Berkeley CSUA MOTD:Entry 52964
Berkeley CSUA MOTD
 
WIKI | FAQ | Tech FAQ
http://csua.com/feed/
2022/01/25 [General] UID:1000 Activity:popular
1/25    

2009/5/7-14 [Industry/Jobs] UID:52964 Activity:low
5/7     had 3 interviews (over 2 days) that all went well but didn't
        get an offer. I've heard its totally normal and acceptable to
        ask for feedback and/or "what went wrong" or "why didn't I
        get an offer". Is that really true? How should I approach this?
        ask one of the tech people I spoke to? or the recruiter (who
        seems generally unknowledgeable but maybe in a better position
        to get feedback from everyone i spoke to)? thx
        \_ May I ask which companies?
           \_ this was all at one company. its a web agency. I live in nyc.
        \_ Asking why you didn't get the job doesn't hurt.  What are they going
           to do, not hire you?
           \_ GOOG just likes screwing with you
           \_ well, I'm hoping to freelance there in lieu or a fulltime job.
        \_ You can ask, but you're unlikely to get more than a stock
           response, ("We appreciated your skills and experience, but we
           had another candidate who was a better fit.")  -tom
           \_ Yup.  When I was interviewing people, we rejected a lot who were
              completely unqualified, and a few who had other issues (unable to
              form a coherent sentence, etc.); the rest were fine, and we tried
              to pick the best one.  If you think the interviews went well, you
              were probably in the third category, and so they really won't
              be able to tell you more than "you were fine, there was someone
              better".
           \_ This is true, most places are concerned about liability issues.
        \_ I interviewed some intern candidates a few months ago and the
           college gave me an eval form to fill out for each candidate, asking
           me to grade them (A,B,C,D,F) on 5-6 topics and had a spot for
           feedback. I gave feedback (e.g. "didn't answer questions clearly",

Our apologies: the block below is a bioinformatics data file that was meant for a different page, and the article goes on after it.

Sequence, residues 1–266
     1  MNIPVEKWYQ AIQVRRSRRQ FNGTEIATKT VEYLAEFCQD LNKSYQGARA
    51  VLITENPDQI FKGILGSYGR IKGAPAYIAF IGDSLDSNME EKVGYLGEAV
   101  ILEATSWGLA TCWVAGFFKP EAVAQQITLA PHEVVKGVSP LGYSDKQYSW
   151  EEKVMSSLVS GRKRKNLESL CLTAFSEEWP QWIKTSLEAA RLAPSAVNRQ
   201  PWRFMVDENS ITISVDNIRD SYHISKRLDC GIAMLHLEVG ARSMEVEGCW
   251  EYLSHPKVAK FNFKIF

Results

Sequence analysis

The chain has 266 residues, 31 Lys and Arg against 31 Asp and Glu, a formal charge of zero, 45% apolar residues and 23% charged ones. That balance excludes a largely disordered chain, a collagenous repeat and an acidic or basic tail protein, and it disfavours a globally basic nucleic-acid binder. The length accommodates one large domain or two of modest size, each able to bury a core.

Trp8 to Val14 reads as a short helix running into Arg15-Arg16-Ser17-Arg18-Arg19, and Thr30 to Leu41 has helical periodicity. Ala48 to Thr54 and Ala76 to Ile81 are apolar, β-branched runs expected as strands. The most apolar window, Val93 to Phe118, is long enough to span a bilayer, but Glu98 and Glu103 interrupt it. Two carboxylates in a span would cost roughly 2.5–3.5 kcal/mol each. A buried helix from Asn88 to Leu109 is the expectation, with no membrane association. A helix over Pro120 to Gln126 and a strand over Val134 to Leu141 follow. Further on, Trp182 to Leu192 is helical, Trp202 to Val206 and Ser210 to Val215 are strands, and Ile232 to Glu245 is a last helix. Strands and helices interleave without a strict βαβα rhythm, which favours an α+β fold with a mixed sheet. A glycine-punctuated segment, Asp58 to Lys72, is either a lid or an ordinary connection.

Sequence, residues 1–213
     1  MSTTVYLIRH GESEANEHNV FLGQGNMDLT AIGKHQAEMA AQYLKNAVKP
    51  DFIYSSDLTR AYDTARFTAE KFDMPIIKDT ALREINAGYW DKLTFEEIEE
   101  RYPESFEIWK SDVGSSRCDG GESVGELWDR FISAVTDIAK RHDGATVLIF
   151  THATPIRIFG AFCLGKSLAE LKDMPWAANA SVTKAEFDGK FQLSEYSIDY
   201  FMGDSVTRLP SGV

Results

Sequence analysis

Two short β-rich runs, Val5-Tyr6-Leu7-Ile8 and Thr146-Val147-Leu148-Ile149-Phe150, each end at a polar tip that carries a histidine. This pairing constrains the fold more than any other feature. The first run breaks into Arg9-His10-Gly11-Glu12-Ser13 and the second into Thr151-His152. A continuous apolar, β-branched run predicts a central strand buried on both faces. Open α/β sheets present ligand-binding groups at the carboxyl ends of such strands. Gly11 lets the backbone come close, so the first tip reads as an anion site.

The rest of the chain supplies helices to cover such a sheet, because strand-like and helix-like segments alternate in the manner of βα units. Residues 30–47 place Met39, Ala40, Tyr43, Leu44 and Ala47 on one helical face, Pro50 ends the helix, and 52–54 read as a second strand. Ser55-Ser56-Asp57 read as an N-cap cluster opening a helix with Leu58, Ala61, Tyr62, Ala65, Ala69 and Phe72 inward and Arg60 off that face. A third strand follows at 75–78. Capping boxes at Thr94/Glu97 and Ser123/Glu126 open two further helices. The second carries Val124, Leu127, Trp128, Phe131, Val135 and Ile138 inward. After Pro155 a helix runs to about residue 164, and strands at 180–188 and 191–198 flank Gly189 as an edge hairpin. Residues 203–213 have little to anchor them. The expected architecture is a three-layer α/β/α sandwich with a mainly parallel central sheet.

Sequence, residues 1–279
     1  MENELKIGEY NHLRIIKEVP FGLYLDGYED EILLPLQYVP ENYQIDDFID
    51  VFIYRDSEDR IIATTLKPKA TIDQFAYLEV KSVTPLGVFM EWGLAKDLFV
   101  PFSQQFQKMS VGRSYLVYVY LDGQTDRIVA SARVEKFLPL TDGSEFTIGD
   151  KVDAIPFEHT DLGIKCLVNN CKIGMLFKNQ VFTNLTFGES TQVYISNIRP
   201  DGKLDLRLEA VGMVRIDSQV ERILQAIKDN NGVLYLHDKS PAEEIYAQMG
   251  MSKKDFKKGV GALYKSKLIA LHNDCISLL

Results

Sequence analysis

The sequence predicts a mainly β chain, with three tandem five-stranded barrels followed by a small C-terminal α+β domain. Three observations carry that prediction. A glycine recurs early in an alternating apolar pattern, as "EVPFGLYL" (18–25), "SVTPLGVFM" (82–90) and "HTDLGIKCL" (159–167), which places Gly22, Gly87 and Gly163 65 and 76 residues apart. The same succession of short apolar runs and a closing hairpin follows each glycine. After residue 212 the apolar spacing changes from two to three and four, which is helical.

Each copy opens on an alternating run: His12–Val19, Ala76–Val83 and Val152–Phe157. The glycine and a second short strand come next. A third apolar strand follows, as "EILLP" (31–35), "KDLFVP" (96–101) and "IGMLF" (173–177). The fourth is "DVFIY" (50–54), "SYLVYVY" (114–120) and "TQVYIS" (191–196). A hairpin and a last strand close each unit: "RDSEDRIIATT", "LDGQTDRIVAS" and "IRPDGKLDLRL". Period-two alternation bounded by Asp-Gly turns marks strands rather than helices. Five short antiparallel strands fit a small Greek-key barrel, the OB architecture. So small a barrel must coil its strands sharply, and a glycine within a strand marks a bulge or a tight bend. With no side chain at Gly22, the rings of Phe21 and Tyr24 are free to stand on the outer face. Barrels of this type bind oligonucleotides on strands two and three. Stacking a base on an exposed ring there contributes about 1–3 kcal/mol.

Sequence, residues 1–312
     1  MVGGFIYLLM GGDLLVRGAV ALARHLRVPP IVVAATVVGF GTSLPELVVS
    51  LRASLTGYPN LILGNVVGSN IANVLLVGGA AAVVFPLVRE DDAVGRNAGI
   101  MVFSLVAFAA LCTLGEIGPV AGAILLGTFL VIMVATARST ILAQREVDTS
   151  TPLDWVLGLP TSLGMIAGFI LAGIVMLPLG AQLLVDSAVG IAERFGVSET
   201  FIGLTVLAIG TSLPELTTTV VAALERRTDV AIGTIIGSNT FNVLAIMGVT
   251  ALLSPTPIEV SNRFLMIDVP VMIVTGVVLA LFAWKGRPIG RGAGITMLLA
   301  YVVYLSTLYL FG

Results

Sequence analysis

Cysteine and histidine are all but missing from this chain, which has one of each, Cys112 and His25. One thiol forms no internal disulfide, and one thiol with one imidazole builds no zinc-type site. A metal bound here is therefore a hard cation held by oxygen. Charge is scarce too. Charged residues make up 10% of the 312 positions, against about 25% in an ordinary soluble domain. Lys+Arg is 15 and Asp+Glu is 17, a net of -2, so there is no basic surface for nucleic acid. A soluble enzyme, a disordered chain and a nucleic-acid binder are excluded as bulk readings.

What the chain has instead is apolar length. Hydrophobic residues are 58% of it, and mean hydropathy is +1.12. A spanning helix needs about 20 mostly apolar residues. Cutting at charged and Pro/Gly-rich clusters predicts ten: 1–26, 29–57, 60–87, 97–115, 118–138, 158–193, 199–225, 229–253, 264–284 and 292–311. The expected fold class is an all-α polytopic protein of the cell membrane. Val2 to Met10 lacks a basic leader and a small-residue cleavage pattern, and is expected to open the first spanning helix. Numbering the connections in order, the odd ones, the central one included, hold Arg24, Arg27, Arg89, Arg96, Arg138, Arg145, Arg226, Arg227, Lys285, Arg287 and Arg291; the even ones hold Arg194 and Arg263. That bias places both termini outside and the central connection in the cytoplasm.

"best answer to question X", "didn't seem knowledgable or interested
           in the job", "good grasp of industry issues"). I wish this was more
           acceptable/common.
        \_ I interviewed at this startup where a buddy of mine worked at.
           I kicked ass on the technical interview. I knew the CEO and we
           used to work together when he was a director at our old company.
           Everyone seemed to liked me, and I thought I was going to get
           an offer. The CEO called and said he was sorry but they don't
           have funding for another engineer at the time. I asked my buddy
           and the real answer was everyone liked me EXCEPT this one PhD
           tech lead dude who just didn't like me (he had communications
           problems, or that I was not good enough to get through his
           communications gap). Personally, I thought he was just too smart
           for everyone else.  That's it. All it takes is one person who
           REALLY doesn't want to work with you on a daily basis, period.
           \_ Seems unfair, but almost reasonable.  If the team is small and
              the dude you are going to work with 30 hours a week can't stand
              you, he shouldn't hire you.
              \_ I know, life is not fair, but I really didn't want to work
                 with him 70 hours a week anyways. P.S. what startup compnay
                 allows people to work 30 hours a week?         -pp
                \_ I made up an arbitrary amount of hours you would be working
                   directly with the dude who hates you.
2022/01/25 [General] UID:1000 Activity:popular
1/25    

You may also be interested in these entries...
2013/4/17-5/18 [Industry/Jobs] UID:54658 Activity:nil
4/17    Questions about recruiting below.  Thanks.
        1. Why are different positions called full-time, contracting, and
        intern, with "full-time" meaning regular permanent positions?
        Contracting and intern positions are usually 40 hours/week which would
        imply they are full-time (i.e. not part-time) also.
        2. What's the difference between temp, contracting, and consulting
	...
2013/1/16-2/17 [Industry/Startup, Finance/Investment] UID:54582 Activity:nil
1/16    Fred Wilson says you should focus on the cash value of your
        options, not the percentages:
        http://www.avc.com/a_vc/2010/11/employee-equity-how-much.html
        \_ Or at least, so says a VC trying increase his profit margin...
        \_ A VC wants to keep as much of the stock for themselves (and give
           as little to employees as possible).  That maximizes their return.
	...
2012/12/21-2013/1/24 [Industry/Startup, Finance/Investment] UID:54568 Activity:nil
12/21   http://techcompanypay.com
        Yahooers in Sunnyvale don't seem to average 170K/year.
        \_ Googlers average $104k/yr? Uh huh.
           \_ what is it suppose to be?
              \_ link:preview.tinyurl.com/a36ejr4
                 Google Sr. Software Engineer in Sunnyvale averages $193k in total pay,
	...
2012/5/23-7/20 [Industry/Startup] UID:54399 Activity:nil
5/23    Does your company have an opening for a data-entry position?  Hurry!
        "Jersey Woman Says She Was Fired For Being Too Busty"
        http://www.csua.org/u/wiy (gma.yahoo.com)
        \_ why would you hire a dumb bimbo who can't do anything?
           \_ Daily eye candy, or more.
        \_ This is the kind of woman the phrase butter face was invented for.
	...
2012/6/2-7/20 [Industry/Jobs] UID:54408 Activity:nil
6/2     What are some words that engineers use to describe
        non-technical people?
        \_ Layman.
        \_ Managers.
        \_ MySpace executives
        \_ People from LA:
	...